Want to know one of my biggest pet peeves? When someone talks about suicide, but those who hear it think “eh, they’re just seeking attention.” Want to know something that really bothers me? When someone self harms or attempts suicide, and those who find out think, “eh, they’re just seeking attention.” It shocks and horrifies … Continue reading Recognizing suicide risk
Perhaps it’s a friend. Perhaps it’s someone at your school, your church, your workplace. Perhaps it’s a family member. Many people deal with suicidal thoughts, and if we are worried about someone, we need to try to help. And you can help. No training needed. No special counseling degree required. You can help someone who … Continue reading How to help someone who is thinking about suicide
September is Suicide Prevention Month. On the iHope blog, we’ll be tackling three important issues related to suicide. We’ll start from the reverse, looking today at the question of how we deal with the aftermath of suicide. What if I have lost a loved one to suicide? If this is true for you, know that … Continue reading Dealing with the aftermath of suicide
Last week, we looked at why we forgive others. It is not because they deserve it, they apologized, or because the issue no longer matters. We forgive because God first forgave us. Colossians 3:13 states it clearly: “Forgive as the Lord forgave you.” This statement also helps us to begin to understand how we are … Continue reading How can I forgive someone who has hurt me?
We all deal with some sort of issue, some problem, some recurrent sin in our lives. Perhaps it is anxiety. Or addiction. Perhaps family conflict, depression, or a chronic medical issue. No matter the problem, there are many helpful strategies for dealing with it, including individual strategies (perhaps meditating on Scripture) and behavioral strategies (using … Continue reading The Value of Accountability
Life feels different. Virtually every aspect of community life has shut down in an effort to prevent the rapid spreading of a novel coronavirus. We're stuck indoors, in small groups, for an unknown amount of time. The primary concern, of course, is people’s physical health from COVID-19. Yet, with the government and community measures attempting … Continue reading 19 Mental Health Tips for Dealing with COVID-19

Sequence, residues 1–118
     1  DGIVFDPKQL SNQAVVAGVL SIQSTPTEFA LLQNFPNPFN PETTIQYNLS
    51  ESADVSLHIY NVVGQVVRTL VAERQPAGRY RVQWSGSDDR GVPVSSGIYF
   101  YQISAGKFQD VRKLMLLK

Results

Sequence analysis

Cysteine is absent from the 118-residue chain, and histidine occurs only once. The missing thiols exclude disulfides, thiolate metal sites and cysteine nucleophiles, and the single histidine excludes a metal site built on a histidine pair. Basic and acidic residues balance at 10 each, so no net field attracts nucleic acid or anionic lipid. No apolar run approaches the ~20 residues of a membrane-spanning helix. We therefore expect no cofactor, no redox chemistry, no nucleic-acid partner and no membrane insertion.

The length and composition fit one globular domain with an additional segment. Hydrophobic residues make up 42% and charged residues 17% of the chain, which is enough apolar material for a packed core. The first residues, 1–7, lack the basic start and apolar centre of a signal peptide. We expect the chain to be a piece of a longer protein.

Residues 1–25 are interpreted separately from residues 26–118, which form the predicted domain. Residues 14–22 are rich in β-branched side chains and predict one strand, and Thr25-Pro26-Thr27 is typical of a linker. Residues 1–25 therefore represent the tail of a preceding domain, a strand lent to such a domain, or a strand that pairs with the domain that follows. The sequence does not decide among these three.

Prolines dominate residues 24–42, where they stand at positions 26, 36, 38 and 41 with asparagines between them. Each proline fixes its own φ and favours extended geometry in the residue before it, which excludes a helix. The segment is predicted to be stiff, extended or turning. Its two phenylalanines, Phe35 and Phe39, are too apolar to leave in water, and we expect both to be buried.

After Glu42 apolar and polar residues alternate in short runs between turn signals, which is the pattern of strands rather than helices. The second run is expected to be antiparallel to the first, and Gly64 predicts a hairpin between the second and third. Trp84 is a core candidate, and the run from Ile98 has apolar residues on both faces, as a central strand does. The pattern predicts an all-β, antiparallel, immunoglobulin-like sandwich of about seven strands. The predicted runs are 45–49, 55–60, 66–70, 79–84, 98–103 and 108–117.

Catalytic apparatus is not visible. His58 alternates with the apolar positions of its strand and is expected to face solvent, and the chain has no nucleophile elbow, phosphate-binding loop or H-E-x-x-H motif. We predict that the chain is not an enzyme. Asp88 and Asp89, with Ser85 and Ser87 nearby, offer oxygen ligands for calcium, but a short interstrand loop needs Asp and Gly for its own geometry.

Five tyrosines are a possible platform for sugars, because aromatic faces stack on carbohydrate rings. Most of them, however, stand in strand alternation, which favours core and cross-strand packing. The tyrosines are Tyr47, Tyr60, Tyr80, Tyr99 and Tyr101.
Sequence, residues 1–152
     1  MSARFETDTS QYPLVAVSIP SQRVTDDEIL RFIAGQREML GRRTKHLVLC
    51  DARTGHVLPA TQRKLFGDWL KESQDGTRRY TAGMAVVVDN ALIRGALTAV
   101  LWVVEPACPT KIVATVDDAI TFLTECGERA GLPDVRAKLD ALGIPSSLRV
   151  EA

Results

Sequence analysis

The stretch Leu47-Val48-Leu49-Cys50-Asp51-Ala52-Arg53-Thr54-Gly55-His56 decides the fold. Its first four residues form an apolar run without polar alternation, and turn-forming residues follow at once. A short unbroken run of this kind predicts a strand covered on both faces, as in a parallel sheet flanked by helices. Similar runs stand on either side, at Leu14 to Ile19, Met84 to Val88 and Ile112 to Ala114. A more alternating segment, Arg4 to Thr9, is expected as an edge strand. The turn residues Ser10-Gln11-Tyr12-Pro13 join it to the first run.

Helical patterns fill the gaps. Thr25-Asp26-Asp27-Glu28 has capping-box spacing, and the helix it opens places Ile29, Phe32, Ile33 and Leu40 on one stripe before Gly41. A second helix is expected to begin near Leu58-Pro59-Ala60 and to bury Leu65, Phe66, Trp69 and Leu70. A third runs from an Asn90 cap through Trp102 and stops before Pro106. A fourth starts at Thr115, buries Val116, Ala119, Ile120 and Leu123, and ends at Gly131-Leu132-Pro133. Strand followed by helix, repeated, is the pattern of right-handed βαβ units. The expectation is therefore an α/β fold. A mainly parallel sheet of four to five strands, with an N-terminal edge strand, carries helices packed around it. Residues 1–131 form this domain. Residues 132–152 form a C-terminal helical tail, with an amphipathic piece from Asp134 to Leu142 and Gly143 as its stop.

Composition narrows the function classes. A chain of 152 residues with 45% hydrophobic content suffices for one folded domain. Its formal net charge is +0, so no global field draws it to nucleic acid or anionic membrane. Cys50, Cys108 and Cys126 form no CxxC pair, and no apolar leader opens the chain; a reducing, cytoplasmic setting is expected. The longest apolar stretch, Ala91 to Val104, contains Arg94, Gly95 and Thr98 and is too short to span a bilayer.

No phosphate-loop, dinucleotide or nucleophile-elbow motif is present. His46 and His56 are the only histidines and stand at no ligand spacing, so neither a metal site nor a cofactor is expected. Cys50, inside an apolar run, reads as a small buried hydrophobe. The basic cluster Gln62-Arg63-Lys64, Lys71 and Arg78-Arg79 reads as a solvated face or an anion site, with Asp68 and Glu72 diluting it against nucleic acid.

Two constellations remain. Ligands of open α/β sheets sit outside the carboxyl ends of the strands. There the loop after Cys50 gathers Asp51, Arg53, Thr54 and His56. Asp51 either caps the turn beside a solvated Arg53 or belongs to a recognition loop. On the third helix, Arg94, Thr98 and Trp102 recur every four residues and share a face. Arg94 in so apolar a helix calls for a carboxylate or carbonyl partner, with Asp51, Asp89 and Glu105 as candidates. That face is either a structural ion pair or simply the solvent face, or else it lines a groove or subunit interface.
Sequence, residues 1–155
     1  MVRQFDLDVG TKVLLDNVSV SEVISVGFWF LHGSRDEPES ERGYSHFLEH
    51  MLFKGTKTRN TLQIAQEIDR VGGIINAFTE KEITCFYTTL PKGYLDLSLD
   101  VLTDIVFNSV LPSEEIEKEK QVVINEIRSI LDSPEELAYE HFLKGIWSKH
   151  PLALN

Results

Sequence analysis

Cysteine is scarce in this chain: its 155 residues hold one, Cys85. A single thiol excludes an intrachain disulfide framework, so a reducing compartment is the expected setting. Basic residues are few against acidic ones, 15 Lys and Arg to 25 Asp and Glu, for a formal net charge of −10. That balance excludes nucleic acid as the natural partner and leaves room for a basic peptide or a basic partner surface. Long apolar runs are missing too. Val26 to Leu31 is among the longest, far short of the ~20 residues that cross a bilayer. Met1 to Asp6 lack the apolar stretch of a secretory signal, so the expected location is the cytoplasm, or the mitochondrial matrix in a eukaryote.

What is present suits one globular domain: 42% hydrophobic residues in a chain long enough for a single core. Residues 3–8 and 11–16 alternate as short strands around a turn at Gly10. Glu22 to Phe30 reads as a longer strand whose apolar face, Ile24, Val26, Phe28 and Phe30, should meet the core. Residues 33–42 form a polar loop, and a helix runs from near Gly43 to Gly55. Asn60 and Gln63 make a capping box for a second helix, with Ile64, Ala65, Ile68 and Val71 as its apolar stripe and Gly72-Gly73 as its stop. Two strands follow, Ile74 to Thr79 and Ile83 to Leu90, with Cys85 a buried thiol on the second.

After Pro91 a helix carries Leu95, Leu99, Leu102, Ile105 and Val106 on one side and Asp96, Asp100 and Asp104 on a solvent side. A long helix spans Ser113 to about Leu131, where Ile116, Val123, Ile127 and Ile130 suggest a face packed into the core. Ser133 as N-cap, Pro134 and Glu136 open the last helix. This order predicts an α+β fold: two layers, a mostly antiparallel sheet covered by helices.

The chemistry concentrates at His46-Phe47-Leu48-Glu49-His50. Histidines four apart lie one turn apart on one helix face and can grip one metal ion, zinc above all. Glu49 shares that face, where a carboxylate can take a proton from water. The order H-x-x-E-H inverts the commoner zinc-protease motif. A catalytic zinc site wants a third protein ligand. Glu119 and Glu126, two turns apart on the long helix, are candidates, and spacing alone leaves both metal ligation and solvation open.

I am one of those people who dislikes conflict. Not to the point of avoiding it to all extremes, but it's not fun. It makes my stomach churn. Yes, conflict can enhance creativity and problem solving, and strengthen relationships as we work through disagreement. But that requires resolution to the conflict - in fact, … Continue reading My top 5 steps in resolving conflict
Apologies for the quasi-rhyme. But this is a real question that we often take for granted. Whether it’s a middle-school soccer team, a work group that is required to act like a team, or right here at iHope with our “counseling team” – what does this even mean? Here at iHope, we often refer to ourselves as a … Continue reading What does it mean to be part of a team?
How often do you genuinely and repentantly confess your sins? Confession is a huge part of the Christian life, and it is critically important to a healthy life. It impacts our emotions, our mental health, our relationships, our pride, our accurate understanding of ourselves, and our spiritual life with Christ. But confession is hard. I … Continue reading The Need for Confession in our Lives
The two most obvious, frequent, and fun elements of the Halloween holiday also tend to capture most of our attention: costumes and candy. Even teenagers (and let’s be honest, adults too) will pull out a mask or don some sort of a costume in order to enjoy a bag full of sweets at the end … Continue reading Parenting through the Sugar Rush of Halloween (or any other holiday)